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7. Clark’s technical advisor on the film was  Paul Mantz, who was a onetime copilot and navigator for Amelia Earhart. Clark was fascinated with Mantz’s work. Later, Clark took some flying lessons to pursue a pilot’s license, but never completed them–due to Carole Lombard’s death in a plane crash.

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8. The script is great. Some of Clark’s truly “Gable-esque” quotes include:

“Say, I’m just in the mood for a bull, sister. You go get him; I’m liable to pick him up and throw him right back in your lap!”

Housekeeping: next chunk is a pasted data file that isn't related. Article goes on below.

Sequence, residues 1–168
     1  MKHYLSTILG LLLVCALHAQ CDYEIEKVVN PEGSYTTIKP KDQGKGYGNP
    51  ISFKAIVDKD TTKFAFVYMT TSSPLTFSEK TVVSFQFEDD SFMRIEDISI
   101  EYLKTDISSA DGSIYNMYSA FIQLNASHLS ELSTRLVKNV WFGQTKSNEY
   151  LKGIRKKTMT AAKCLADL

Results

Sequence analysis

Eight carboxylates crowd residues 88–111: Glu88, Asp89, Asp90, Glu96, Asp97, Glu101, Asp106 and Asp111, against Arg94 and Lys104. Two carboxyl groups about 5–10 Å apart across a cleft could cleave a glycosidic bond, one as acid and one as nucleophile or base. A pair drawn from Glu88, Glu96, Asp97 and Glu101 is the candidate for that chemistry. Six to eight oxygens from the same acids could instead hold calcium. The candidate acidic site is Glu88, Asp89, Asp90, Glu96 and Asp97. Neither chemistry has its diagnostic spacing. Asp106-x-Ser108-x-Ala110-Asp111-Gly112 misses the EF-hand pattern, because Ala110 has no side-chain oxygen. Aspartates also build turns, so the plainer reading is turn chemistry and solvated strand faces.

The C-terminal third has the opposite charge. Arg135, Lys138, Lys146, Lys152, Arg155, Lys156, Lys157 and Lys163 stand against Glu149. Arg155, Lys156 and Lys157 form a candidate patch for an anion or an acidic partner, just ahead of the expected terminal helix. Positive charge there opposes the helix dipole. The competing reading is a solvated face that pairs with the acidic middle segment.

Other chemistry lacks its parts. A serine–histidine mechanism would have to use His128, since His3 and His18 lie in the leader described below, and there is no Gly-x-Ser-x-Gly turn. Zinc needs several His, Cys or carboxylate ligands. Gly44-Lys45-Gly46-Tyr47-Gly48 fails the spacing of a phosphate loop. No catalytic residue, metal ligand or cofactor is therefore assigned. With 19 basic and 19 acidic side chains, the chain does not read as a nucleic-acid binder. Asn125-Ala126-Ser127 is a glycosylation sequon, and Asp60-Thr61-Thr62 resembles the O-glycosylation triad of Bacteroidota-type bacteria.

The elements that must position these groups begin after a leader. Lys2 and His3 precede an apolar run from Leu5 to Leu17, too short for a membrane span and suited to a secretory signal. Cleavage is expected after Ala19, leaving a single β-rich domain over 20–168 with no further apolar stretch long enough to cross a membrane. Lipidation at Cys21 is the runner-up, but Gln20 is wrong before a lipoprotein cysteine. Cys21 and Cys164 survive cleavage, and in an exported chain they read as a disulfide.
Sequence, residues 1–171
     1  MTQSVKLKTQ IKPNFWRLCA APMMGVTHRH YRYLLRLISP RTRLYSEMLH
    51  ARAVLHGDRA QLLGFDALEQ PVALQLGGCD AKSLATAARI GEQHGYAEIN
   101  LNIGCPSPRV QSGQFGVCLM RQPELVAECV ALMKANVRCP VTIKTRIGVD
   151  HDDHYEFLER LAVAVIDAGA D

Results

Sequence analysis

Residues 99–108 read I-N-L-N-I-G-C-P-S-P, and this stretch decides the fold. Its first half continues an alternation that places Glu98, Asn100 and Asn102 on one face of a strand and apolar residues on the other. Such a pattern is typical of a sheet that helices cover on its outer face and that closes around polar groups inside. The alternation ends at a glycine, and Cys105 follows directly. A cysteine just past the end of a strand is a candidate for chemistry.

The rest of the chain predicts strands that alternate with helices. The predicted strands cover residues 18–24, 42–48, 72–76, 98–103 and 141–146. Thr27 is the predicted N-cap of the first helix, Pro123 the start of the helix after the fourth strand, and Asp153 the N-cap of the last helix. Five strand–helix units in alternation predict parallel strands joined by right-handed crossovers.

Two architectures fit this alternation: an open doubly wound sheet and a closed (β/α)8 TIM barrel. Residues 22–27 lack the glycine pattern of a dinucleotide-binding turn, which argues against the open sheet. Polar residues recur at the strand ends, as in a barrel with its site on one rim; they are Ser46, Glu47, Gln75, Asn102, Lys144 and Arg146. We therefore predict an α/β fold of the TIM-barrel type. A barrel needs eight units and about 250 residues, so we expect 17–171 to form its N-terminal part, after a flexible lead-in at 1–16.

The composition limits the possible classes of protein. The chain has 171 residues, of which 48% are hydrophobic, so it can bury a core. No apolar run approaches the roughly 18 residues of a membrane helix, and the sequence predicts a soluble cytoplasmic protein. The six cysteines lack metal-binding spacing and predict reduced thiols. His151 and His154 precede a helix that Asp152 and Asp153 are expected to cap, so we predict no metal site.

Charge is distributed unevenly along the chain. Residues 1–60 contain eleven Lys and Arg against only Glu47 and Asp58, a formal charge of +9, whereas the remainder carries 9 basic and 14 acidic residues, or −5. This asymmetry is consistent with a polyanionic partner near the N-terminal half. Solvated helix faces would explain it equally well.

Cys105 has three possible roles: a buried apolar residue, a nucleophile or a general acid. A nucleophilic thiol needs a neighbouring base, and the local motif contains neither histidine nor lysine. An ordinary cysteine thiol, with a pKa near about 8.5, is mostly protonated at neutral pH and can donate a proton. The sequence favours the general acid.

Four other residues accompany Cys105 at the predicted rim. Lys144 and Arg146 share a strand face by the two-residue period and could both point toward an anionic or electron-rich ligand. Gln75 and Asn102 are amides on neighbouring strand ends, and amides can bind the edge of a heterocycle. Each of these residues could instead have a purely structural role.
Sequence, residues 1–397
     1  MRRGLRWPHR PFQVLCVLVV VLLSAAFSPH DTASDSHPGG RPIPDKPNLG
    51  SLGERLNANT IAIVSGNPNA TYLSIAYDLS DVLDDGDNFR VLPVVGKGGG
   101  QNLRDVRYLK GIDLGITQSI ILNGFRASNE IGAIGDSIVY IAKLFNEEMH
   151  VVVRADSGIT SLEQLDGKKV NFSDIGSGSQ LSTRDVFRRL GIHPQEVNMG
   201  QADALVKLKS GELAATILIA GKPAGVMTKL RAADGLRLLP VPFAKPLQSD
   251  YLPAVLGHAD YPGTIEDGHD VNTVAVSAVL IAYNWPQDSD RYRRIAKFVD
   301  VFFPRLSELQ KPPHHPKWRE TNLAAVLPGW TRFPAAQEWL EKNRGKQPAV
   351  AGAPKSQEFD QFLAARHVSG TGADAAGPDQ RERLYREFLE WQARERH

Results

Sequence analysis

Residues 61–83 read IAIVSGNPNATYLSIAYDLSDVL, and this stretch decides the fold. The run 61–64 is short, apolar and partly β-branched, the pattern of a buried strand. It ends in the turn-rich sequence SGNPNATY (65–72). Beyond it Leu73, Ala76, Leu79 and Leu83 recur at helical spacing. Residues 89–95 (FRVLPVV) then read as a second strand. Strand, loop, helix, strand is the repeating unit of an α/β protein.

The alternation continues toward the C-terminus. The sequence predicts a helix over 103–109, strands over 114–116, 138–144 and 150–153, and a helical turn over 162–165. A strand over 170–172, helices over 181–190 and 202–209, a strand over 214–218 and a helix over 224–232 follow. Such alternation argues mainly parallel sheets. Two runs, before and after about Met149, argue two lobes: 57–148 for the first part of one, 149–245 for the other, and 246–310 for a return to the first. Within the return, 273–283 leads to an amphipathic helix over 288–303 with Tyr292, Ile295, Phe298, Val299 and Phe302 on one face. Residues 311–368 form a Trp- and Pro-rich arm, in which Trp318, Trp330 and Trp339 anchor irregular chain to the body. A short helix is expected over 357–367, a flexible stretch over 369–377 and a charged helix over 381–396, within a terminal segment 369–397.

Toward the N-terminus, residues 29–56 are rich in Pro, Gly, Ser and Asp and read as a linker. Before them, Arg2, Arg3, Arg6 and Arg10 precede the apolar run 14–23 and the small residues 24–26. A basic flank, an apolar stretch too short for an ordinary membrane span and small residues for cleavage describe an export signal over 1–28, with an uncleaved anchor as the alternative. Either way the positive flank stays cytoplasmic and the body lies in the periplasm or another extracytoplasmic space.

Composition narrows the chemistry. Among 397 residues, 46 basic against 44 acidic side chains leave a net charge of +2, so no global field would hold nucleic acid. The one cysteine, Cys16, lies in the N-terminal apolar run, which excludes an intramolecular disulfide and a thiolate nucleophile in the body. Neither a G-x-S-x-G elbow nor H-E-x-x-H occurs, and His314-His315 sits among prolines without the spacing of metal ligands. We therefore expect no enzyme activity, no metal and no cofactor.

“Do all the girls around here look like you this early in the morning? Every girl I’ve ever seen this early…”

“She’s crazy, I broke all the records too! I entered high school a sophomore and came out a freshman!”

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9. Clark is handed one of his best emotional scenes and he hits it out of the park. After [SPOILER] another pilot dies, Clark gets drunk and laments, “The sky looks sweet and wears a pretty blue dress, doesn’t she? Yeah well don’t kid yourself. She lives up there, she invites you up there and when she gets you up there, she knocks you down!” Myrna Loy remembered, ” In Test Pilot, [Clark] had a moment when he talked about the girl in the blue dress–the sky. That scene terrified him, scared him to death. He got so upset when we shot it I had to keep reassuring, comforting him. Not that he couldn’t do the scene–he did it beautifully–but he was afraid it would make him appear too soft. He had this macho thing strapped on him and he couldn’t get out of it.”